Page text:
How to Grow Alstroemeria Flowers

Updated February 21, 2017

Sometimes called Peruvian lily, Alstroemeria is a flowering herbaceous plant commercially grown as a cut flower. Once in soil, Alstroemeria self-propagates through rhizomes so vigorously that it might break pots or invade other areas of your garden. Alstroemeria is native to Brazil, Chile and other regions of South America, but the species has been hybridised extensively to produce the options you find today. Grow Alstroemeria in U.S. Department of Agriculture zones 6 to 8. Rhizome clumps of different varieties are available from nurseries.

Remove weeds, grass and debris from a site receiving full sun or dappled sunlight. Select a planting area protected from the afternoon sun if your region experiences summers that push soil temperatures above 70F, which can cause Alstroemeria to cease flower production and go dormant.

Loosen the soil with a shovel and pickaxe. If your garden soil is clay, leave it undisturbed but on top, build a bed made of a blend of 70 per cent organic matter, such as compost, and 30 per cent perlite soil mix.

Dig a 2-inch-deep trench. Plant the Alstroemeria rhizomes two to three feet apart along the furrow. Refill the trenches with topsoil, covering the rhizomes until the furrows are level with the ground surface. Plant the rhizomes when the temperature is above 50F in spring or fall.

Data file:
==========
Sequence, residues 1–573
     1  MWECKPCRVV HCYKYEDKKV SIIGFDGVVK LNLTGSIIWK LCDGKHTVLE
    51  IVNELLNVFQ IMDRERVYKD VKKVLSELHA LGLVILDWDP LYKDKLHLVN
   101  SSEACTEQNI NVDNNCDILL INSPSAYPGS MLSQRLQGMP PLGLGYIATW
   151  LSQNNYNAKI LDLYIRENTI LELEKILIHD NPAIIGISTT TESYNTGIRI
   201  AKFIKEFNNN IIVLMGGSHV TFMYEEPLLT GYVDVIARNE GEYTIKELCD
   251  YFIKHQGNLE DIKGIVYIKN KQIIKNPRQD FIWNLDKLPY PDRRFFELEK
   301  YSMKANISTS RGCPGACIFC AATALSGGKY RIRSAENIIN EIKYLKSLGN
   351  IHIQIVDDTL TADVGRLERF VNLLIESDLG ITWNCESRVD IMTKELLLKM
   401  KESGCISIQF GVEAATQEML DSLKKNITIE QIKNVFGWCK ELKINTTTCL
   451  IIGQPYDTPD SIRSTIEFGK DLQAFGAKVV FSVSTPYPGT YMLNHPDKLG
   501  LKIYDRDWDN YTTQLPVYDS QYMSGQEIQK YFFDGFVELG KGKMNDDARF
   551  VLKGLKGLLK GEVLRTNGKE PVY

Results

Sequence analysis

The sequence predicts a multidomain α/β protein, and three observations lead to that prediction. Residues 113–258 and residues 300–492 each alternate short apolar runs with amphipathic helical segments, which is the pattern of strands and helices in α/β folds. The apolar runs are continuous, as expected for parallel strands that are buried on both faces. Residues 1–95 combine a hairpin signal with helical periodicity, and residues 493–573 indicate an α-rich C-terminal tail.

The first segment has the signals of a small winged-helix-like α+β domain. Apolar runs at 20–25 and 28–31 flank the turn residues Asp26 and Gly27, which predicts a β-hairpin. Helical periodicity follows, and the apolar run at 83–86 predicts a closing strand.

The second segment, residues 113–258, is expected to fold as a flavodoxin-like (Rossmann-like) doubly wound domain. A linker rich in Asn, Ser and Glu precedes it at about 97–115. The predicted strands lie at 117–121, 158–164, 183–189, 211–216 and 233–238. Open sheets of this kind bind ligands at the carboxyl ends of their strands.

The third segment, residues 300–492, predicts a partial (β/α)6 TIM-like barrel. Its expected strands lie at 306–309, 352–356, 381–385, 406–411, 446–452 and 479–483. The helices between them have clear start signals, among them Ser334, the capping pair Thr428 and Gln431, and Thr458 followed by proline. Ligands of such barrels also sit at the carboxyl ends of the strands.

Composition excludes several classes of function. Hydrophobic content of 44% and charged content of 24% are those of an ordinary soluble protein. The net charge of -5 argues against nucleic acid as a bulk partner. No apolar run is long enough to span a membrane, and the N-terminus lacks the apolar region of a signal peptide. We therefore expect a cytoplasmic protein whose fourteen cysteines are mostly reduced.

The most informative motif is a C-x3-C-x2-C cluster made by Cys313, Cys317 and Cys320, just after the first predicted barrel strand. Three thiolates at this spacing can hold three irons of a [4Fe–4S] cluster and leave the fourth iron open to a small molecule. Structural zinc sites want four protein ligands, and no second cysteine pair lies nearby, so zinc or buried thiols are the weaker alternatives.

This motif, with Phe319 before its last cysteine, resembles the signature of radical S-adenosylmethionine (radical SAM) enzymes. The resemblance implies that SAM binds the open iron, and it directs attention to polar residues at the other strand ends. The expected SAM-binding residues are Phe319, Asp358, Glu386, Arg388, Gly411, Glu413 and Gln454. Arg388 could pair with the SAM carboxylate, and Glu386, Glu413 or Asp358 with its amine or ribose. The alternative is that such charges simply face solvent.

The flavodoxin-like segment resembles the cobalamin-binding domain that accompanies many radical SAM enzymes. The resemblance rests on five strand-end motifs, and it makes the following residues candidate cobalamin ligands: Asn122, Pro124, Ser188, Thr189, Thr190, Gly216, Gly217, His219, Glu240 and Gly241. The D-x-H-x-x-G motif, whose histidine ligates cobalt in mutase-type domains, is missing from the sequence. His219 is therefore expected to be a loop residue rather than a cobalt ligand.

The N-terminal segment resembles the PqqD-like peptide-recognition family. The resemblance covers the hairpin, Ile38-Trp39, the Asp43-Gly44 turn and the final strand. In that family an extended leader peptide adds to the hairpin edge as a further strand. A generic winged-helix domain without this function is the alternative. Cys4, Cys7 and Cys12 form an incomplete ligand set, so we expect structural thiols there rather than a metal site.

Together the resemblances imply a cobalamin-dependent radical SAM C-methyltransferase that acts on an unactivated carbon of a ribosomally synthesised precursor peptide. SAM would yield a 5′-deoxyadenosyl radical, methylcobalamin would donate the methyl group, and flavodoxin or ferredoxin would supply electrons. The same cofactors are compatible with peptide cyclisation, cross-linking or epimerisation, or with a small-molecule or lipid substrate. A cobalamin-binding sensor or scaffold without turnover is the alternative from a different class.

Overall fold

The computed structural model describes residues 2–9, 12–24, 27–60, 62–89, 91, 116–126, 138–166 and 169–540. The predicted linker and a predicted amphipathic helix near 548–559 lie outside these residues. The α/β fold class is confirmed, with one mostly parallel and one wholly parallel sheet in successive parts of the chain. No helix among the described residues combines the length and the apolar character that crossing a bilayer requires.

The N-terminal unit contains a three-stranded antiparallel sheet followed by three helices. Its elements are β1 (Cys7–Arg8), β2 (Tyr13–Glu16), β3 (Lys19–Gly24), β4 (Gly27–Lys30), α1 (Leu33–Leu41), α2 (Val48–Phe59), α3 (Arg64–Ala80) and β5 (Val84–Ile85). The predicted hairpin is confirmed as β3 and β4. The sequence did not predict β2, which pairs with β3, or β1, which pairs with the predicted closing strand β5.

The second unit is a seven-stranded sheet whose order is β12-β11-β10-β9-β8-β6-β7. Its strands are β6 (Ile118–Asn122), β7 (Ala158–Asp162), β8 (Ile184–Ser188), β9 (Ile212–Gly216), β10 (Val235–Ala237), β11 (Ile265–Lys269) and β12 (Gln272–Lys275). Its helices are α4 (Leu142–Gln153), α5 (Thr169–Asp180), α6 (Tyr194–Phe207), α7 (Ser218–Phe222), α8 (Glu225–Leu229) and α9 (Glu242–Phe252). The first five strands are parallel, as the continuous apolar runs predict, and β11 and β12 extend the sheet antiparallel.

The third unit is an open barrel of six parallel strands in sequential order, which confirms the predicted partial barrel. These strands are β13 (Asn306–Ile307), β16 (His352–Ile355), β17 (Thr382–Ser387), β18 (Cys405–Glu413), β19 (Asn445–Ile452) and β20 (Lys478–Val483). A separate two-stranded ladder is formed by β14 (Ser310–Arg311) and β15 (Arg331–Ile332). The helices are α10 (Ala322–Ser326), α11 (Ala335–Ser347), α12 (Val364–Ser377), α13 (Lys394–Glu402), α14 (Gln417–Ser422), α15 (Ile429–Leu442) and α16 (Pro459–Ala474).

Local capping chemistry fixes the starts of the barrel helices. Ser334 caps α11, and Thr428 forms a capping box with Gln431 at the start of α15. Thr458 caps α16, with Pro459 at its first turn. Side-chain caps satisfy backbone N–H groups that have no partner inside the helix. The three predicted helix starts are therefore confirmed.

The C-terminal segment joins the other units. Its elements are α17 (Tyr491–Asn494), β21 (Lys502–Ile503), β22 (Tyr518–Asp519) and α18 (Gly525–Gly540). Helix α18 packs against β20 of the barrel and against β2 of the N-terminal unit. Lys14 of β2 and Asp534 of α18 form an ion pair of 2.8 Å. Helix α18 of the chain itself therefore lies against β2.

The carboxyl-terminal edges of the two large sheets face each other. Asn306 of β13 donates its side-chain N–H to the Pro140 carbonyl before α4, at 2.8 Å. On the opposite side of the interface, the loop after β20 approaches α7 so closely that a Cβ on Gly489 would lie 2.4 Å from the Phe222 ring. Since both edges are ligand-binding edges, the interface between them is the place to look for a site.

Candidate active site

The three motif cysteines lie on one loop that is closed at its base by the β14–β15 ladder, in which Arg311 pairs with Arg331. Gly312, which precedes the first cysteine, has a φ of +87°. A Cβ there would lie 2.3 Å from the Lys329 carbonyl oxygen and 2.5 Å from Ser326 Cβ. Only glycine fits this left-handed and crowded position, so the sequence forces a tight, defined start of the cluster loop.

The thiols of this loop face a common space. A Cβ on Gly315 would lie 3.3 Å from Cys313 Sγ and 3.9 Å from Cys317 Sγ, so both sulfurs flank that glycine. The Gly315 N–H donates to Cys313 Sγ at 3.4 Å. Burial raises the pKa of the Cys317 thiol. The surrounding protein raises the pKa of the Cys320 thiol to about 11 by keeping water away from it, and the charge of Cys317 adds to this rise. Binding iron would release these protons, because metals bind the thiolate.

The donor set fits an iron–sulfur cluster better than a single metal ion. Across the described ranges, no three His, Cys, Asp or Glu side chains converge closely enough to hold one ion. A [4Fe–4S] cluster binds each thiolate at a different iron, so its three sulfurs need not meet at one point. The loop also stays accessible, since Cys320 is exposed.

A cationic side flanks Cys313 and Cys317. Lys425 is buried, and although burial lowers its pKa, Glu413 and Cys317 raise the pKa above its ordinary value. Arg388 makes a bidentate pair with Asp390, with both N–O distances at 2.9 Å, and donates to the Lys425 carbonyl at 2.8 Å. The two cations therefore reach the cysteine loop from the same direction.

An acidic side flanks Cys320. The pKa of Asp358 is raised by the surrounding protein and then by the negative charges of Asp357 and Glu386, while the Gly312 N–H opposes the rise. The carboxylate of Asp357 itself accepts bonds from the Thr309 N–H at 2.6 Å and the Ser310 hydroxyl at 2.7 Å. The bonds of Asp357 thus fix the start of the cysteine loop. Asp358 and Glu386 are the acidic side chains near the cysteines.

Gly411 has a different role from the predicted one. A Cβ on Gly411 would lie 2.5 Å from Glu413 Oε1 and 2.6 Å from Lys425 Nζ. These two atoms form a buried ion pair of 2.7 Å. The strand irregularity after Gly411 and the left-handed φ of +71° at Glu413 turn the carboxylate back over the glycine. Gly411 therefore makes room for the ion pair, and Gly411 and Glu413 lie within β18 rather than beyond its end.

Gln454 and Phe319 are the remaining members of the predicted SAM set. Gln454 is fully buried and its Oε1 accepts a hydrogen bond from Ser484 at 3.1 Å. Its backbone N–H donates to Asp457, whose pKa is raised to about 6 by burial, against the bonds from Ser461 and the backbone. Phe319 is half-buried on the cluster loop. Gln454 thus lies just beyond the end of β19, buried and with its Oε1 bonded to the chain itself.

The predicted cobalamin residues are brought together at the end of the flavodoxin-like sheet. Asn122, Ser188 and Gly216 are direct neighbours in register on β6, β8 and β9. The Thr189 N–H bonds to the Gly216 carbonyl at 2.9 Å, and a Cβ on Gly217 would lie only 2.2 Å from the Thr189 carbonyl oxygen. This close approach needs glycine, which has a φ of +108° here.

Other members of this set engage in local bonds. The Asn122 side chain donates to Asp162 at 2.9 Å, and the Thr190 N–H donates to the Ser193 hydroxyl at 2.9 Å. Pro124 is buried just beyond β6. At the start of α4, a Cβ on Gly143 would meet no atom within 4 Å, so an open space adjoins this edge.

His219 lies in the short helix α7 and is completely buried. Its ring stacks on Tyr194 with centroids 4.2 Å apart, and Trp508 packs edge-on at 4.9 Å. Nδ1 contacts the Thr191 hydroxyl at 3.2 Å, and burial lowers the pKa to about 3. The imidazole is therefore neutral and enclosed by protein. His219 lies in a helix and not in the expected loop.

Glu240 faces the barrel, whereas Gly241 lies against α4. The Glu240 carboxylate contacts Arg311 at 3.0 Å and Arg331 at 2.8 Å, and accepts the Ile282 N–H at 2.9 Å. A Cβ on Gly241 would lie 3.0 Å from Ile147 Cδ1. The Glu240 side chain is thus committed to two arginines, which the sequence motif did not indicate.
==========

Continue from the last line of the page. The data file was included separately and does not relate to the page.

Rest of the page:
Irrigate the rhizomes at planting and keep the flowerbed moist until stalks poke through the ground. Apply an inch of water weekly to established Alstroemeria.

Build a 2-inch-deep mulch ring around the base of each plant to keep the roots cool in the summer. Use bark, wood chips, compost or other mulching material.

Feed 2-year-old and older Alstroemeria in the growing season with a high-nitrogen fertiliser that also contains phosphorous and potassium. Apply it according to the manufacturer's instructions for the brand you selected.


Clip faded flowers to encourage the Alstroemeria to produce new blooms.

Things You'll Need

  • Hoe
  • Shovel
  • Pickaxe
  • Organic matter, as needed
  • Perlite soil mix, as needed
  • Mulch
  • High-nitrogen complete fertiliser
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About the Author

Emma Watkins writes on finance, fitness and gardening. Her articles and essays have appeared in "Writer's Digest," "The Writer," "From House to Home," "Big Apple Parent" and other online and print venues. Watkins holds a Master of Arts in psychology.